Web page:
At least 15 people were arrested from across Assam for social media posts allegedly supporting the Taliban takeover of Afghanistan. They have been booked under different sections of the Unlawful Activities (Prevention) Act, Information Technology Act and the Indian Penal Code. Obviously, the Assam Police does not appear to be concerned that their actions may make Indian diplomatic efforts complicated, and difficult, given the misleading inferences that the Taliban leaders may draw from them.
That apart, the Assam Police may have to answer whether these arrests over Facebook posts about Taliban are justified given the delicate options for Indian diplomacy in Kabul and the differing perceptions among the opinion makers in India on the changing nature of Taliban and how India ought to deal with the new regime in Kabul. If such dissonance is permissible in the public discourse about the changing nature of Taliban, some authors of Facebook posts cannot be faulted for assuming that perhaps it may no longer be politically correct to see a nexus between Taliban and terrorism.
Justice Shivam’s order is significant also because there have been indiscriminate arrests of authors of Facebook posts in several states merely because they chose to express opinions which hurt a section of the society or were unpalatable to a few political leaders who are in power.
All such arrests would have become untenable if only the police had the obligation to corroborate the contents of the posts with other evidence in order to sustain the charges at the threshold stage.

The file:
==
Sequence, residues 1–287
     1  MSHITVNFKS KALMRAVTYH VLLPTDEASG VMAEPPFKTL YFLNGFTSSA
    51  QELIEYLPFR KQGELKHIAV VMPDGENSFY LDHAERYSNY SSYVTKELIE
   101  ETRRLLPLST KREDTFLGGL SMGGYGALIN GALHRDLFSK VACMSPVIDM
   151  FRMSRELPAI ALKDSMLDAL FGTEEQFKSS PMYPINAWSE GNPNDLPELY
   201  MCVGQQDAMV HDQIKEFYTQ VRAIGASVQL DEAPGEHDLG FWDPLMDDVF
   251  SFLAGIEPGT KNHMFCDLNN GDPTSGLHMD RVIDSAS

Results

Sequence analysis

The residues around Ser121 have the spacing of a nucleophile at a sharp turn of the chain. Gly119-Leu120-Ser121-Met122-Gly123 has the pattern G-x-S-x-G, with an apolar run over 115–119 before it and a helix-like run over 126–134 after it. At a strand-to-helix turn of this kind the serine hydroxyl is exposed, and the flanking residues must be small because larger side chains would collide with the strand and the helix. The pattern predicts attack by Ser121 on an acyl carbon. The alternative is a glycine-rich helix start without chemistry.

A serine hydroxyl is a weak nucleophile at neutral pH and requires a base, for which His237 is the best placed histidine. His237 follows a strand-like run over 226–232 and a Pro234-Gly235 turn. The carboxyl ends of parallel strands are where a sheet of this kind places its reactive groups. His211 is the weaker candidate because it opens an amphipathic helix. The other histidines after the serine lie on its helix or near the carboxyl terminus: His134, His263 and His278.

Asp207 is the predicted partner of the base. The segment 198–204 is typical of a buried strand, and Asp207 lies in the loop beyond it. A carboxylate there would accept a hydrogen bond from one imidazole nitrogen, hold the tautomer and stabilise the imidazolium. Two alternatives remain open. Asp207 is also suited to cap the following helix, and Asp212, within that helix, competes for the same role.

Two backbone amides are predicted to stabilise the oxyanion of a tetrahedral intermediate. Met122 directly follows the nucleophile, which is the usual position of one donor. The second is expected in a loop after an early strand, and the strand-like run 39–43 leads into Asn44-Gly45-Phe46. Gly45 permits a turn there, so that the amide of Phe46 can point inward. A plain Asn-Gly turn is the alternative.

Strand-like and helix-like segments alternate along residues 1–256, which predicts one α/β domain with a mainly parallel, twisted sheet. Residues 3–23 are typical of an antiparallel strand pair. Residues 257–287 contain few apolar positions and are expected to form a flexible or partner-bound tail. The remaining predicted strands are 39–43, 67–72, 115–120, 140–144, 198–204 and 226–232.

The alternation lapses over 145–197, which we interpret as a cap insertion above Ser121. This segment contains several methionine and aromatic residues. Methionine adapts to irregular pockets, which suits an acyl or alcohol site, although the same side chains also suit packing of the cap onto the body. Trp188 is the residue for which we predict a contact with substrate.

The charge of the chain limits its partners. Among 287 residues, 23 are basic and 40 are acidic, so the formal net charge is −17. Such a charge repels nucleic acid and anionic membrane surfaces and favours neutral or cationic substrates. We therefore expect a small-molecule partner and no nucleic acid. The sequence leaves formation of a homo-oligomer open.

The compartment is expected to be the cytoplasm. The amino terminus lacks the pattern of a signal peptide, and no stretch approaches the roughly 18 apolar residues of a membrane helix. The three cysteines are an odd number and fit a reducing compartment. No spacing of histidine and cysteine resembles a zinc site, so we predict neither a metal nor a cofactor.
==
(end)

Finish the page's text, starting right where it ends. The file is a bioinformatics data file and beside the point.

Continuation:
Justice Shivam’s suggestion that apart from the contents of the Facebook posts, which were deemed controversial, the police ought to get corroborative evidence to sustain the prosecution of their authors for various offences they are charged with, is a welcome test, if at all it is made mandatory at the threshold stage.
Very often, the police set the criminal law in motion in such cases, merely on complaints from others, or from their own shoddy investigation, without taking steps to corroborate perceived offences of authors of such posts with other evidence, if available.
Once the law kicks in resulting in the arrests of the accused, the process itself becomes the punishment, let alone the possibility of the accused getting relief from the courts at the appropriate stage, in the form of bail or acquittal after a lengthy trial.
The grant of bail in this case clearly shows that the police used the penal provisions against the accused, without complaining to the Facebook to take action for content violations, if any. Facebook claimed that it took action against 3.2 crore posts in India for various content violations in August. It claimed to also have received 904 user reports through its Indian grievance mechanism between August 1 to August 31. It provided tools for users to resolve their issues in 754 cases. These include pre-established channels to report content for specific violations, etc.
For Facebook, the censured content includes those related to spam (2.6 lakh), violent and graphic content (26 lakh), adult nudity and sexual activity (20 lakh), terrorist propaganda (2.7 lakh), organised hate (31,600) and hate speech (2.4 lakh). Insofar as the Assam cases pertain to allegations of terrorist propaganda, organised hate and hate speech, it needs to be asked why the authorities did not approach Facebook’s grievance resolution mechanism to take down the allegedly harmful posts.